Another thing I noticed were the many missing covers on the light standards connection access points. Just reach in and have a “Jolt”! For a few moments, I thought I was in Mexico, the only place I’ve ever seen such blatant disregard for obvious safety. There’s little point in having a five sided nut to keep people out of these things in other locations, as there’s clearly no danger.Since these things have been missing for some time, and clearly, it’s not a problem worth fixing I have to believe that this isn’t a problem.,,. if this was a safety concern, I’m assured that it would have been looked at.

As we complete our crossing of the “closed” side of the south span on the north bound side we can leave the wretched sidewalk and take a peak at what we’re walking on. To my dismay, the sidewalk is supported by wooden purlins, wedged into place above the fairly sketchy looking deck support “C” channels.  If this is “well maintained” then I… oh never mind, I’m not a P. Eng., so I’m not qualified to comment. After all, Sacher said it was all OK, who am I to argue? I’m curious… if a vehicle was up on the sidewalk as a result of leaving the roadway, are those 3x8’s capable of holding that weight?

While looking at every post and rail section, you can see some of the “maintenance work” that has seen flanges and reinforcement added to the posts, connections between the rails and the posts, and in areas, plates welded over the sidewalk, attached to the control joints and/or the bottom of the rail. While this work is visible, it is by no means extensive, or prevalent.

The south bound side of the bridge crossing the river is likely the worst area I saw with respect to the rusted posts. In the area where the crash/fatality occurred, almost every single post was and IS STILL clearly rusted through the web.
 This picture where my keys go through the flange was also taken on that stretch. 

Note the visible holes due to corrosion on the far post as well, and the flowers located where the rail failed below. This is typical of almost every post along this area. Remember though, the Mayor said it’s safe, so there’s no need to be concerned.
I know Sam is going on the info he’s been provided, and I’m guessing he hasn’t walked this bridge lately.

Why this section has seen so much more corrosion, I don’t know, but to my untrained eye, this part of the rail assembly is completely inadequate. Oops… there I go again, with my opinions. Sorry Brad, I don’t have a pinky ring, and you do. That makes you right, and me…unable to comment as a result of knowing too little.

I’ll offer up that almost a third of the posts have serious rust issues, rendering them (IMO) almost useless as a vehicle guard. I didn’t count them all, and I didn’t photograph them all (but I did photograph MANY) but then, that’s not MY job, is it?

Let me provide some opines and beliefs of my own, even from my sorry state as a simple minion. There’s no engineering, no professional opinion, no consultant review…this is all provided free of charge.
I 35 W, Minneapolis
·         I believe the guard rails WERE ONCE in a condition that me the safety requirements of 1960.
·         I believe that the bridge is “safe” insofar as total collapse is concerned, but I think the way it shakes, buses and anything other than passenger vehicles should be re routed.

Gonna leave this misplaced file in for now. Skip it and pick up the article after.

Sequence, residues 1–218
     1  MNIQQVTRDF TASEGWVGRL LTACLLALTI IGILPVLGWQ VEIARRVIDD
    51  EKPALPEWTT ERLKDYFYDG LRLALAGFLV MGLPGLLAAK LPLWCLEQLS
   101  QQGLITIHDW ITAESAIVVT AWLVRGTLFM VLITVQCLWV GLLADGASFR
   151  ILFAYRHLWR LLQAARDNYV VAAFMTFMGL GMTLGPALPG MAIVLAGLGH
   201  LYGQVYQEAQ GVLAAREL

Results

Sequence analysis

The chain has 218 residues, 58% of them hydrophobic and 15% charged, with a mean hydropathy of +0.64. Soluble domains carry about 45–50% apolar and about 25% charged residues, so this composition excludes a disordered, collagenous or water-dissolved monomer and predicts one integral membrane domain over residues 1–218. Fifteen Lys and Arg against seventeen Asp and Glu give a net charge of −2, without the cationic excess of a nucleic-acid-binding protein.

·         I believe that the bridge was once capable of carrying the original designed loads, plus a reasonable safety factor, but then I believe the 35W bridge in Minneapolis, and the de la Concord overpass collapse were also on bridges that were “inspected regularly” and “well maintained”.
·         I believe that the rail is capable of providing the safety Brad Sacher says it will, but limited to a pedestrian throwing themselves at it. His quote that I provided at the outset is vague, and can be interpreted to mean  “preventing a car from crashing through it”, but he doesn’t actually SAY that, does he? (Weasel words, provided to him by the City lawyer no doubt)
Before we continue to the next bullet, have we ever once heard someone give us any empirical evidence of a load test done to these rails, or state what they are designed/expected to provide safety from? I’ve never heard anyone say that these rails are supposed to prevent a vehicle from passing through them, so “safe” with no context as to the expected performance is a non sequitur.
·         I believe that the rail should never even come into use, as we should all remain on the roadway, and drive to conditions at all times.
For a brief history lesson, check out
Mr. Christian has another great, informative post on the historical background of one of our City’s greatest achievements… a Freeway you can go 60 km/hr on.

Mr. Christian told us that the bridge took 30 years to plan, and for that time spent planning, we received a structure that has only lasted for 52 years. It’s been in poor shape for most of my life.  The Louise and Redwood bridges, both over 100 years of age are capable of carrying the weight of a cement truck, but if an errant driver ever wandered onto the “freeway”… it's still a major truck route. I'm not so sure about the wisdom of that.

The “new” bridge is NOT of my liking. The public consultation process was (in typical Winnipeg fashion) completely ignored, and this “new” plan by Plenary Roads was force fed citizens. Wait until they ask for more cash to fix the rotting supports of the old bridge that they were planning to use for the “new” pedestrian bridge. Would you think it a good idea to place a brand new  bridge on fifty year old concrete piers that are needing repairs? Spalling concrete, exposed re-bar… sure there’s very little weight, but deterioration of the concrete won’t just stop because there isn’t as much loading on the pier. Deterioration is like a curved graph. Once it starts, the curve increases in it’s slope dramatically.
I get not spending money on a structure you KNOW is going to be torn down. I understand not wanting to create panic and fear by telling people it needs to be closed, or limited in traffic as was suggested recently but to keep telling us everything is A-OK just further erodes our belief in anything Public Works , or our mayor tells us.

“Do not be alarmed. You are safe. You are in no danger”
Heard over the public address system of the Costa Concordia 45 minutes before rolling onto its side. Only then did people hear “Abandon ship!”

Too late.
 Trust your instincts, not what you’re fed.


  1. This is what you get when competent people decide the ever infectious power of political authority is more important than the quality of their common sense. And there is nothing abnormal here. Is there anything in sight to change this? If you are anywhere in the public service you can reasonably expect virtually no sanctioning process so why bother to change?

  2. What an alarming post. That bridge doesn't look good at all.